{
        // Start an async task to load data
        _ = LoadData();

        // Show a loading indicator
        return listTemplateBuilder.SetLoading(true).Build();
    }
    
    // Build the list using the existing data
    var items = BuildListItems(_allItems);
    listTemplateBuilder.AddItems(items);

    return listTemplateBuilder.Build();
}

Implement the Async Task

Now, let’s create an asynchronous task, LoadDataAsyncTask, which will invoke a method asynchronously to fetch and set the value of _allItems. We will use a hypothetical API call as an example:

    private async Task LoadData()
    {
        try
        {
            // Perform an asynchronous operation (e.g., an API call)
            var result = await SomeApiCallAsync(); // Replace with your actual API call

            // Set the value of _allItems with the result
            _allItems = result;
        }
        catch (Exception e)
        {
            // Handle exceptions and show a CarToast
            CarToast.MakeCarToast(CarContext , "An error occurred", CarToast.DurationLong).Show();
        }
        finally
        {
            // Ensure that the UI is invalidated
            // This will trigger the OnGetTemplate again.
            Invalidate();
        }
    }

Implementing asynchronous loading of lists in Android Auto ensures that your app remains responsive and user-friendly. By following this approach, you can fetch and display data efficiently, handle exceptions gracefully, and maintain a smooth user experience while driving. Android Auto provides a powerful platform for developers to create safe and engaging automotive experiences, and proper asynchronous loading is a key part of that experience.

This content has 7 months. Some of the information in this post may be out of date or no longer work. Please, read this page keeping its age in your mind.

.NET MAUI Android Error: Type androidx.collection.ArrayMapKit is defined multiple times

One common challenge is AndroidX dependency conflicts. In this blog post, we’ll guide you through resolving compilation errors related to AndroidX in .NET MAUI. Before we proceed, let’s take a look at the error message that may have troubled you:

/Users/Username/Documents/src/ProjectFolder/Project: Error JAVA0000: Error in /Users/Username/.nuget/packages/xamarin.androidx.collection.jvm/1.3.0.1/buildTransitive/net6.0-android31.0/../../jar/androidx.collection.collection-jvm.jar:androidx/collection/ArrayMapKt.class:
Type androidx.collection.ArrayMapKt is defined multiple times: /Users/Username/.nuget/packages/xamarin.androidx.collection.jvm/1.3.0.1/buildTransitive/net6.0-android31.0/../../jar/androidx.collection.collection-jvm.jar:androidx/collection/ArrayMapKt.class, /Users/Username/.nuget/packages/xamarin.androidx.collection.ktx/1.2.0.5/buildTransitive/net6.0-android31.0/../../jar/androidx.collection.collection-ktx.jar:androidx/collection/ArrayMapKt.class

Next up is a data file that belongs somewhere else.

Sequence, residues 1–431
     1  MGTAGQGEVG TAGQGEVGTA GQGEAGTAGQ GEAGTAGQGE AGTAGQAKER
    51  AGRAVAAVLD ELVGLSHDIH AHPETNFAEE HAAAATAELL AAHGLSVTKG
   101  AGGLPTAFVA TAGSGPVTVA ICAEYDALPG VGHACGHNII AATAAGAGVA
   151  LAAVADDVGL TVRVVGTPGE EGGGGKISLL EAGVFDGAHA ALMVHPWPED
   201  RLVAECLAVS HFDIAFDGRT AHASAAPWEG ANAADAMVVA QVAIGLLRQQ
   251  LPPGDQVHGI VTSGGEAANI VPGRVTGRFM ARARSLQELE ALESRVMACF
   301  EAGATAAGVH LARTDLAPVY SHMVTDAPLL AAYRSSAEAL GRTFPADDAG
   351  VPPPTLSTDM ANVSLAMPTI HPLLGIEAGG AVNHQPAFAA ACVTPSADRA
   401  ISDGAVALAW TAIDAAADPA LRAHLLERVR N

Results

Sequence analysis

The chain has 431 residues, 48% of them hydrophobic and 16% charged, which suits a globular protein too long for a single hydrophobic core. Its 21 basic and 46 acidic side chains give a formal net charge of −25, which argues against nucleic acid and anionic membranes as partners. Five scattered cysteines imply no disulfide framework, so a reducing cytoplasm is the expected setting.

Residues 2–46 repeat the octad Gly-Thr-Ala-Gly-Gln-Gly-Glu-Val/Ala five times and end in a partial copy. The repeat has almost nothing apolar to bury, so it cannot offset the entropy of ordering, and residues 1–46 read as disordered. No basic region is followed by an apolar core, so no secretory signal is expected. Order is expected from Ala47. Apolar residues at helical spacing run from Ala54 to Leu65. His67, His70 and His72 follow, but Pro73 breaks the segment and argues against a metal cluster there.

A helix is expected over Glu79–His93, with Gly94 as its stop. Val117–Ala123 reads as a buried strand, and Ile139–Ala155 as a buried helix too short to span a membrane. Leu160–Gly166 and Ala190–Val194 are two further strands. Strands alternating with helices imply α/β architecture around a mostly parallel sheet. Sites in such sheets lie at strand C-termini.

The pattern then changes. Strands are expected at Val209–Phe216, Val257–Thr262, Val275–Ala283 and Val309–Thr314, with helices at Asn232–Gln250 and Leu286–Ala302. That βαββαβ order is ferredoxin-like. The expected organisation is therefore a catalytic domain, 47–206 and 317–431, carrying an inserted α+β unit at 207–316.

Compilation failed
java.lang.RuntimeException: com.android.tools.r8.CompilationFailedException: Compilation failed to complete, origin: /Users/Username/.nuget/packages/xamarin.androidx.collection.jvm/1.3.0.1/buildTransitive/net6.0-android31.0/../../jar/androidx.collection.collection-jvm.jar
androidx/collection/ArrayMapKt.class

In my case the meaning of this error message is: Type androidx.collection.ArrayMapKt is defined multiple times

Examine Dependencies and Manually Delete bin and obj Folders:

Start by inspecting your project’s dependencies. Ensure that you have the same versions of .NET MAUI packages and other libraries. Dependency mismatches can often lead to compilation errors.

Sometimes, cleaning your project isn’t enough.
To ensure a fresh build, you might need to manually delete the bin and obj folders. You can find these folders in your project directory. They contain build artifacts and removing them helps clear cached data.

Verify NuGet Packages:

Review your NuGet packages. Look out for multiple versions of the same library, as this can lead to conflicts. If you find any conflicting packages, remove the outdated or conflicting versions. You may need to edit your project’s .csproj file to resolve these package issues.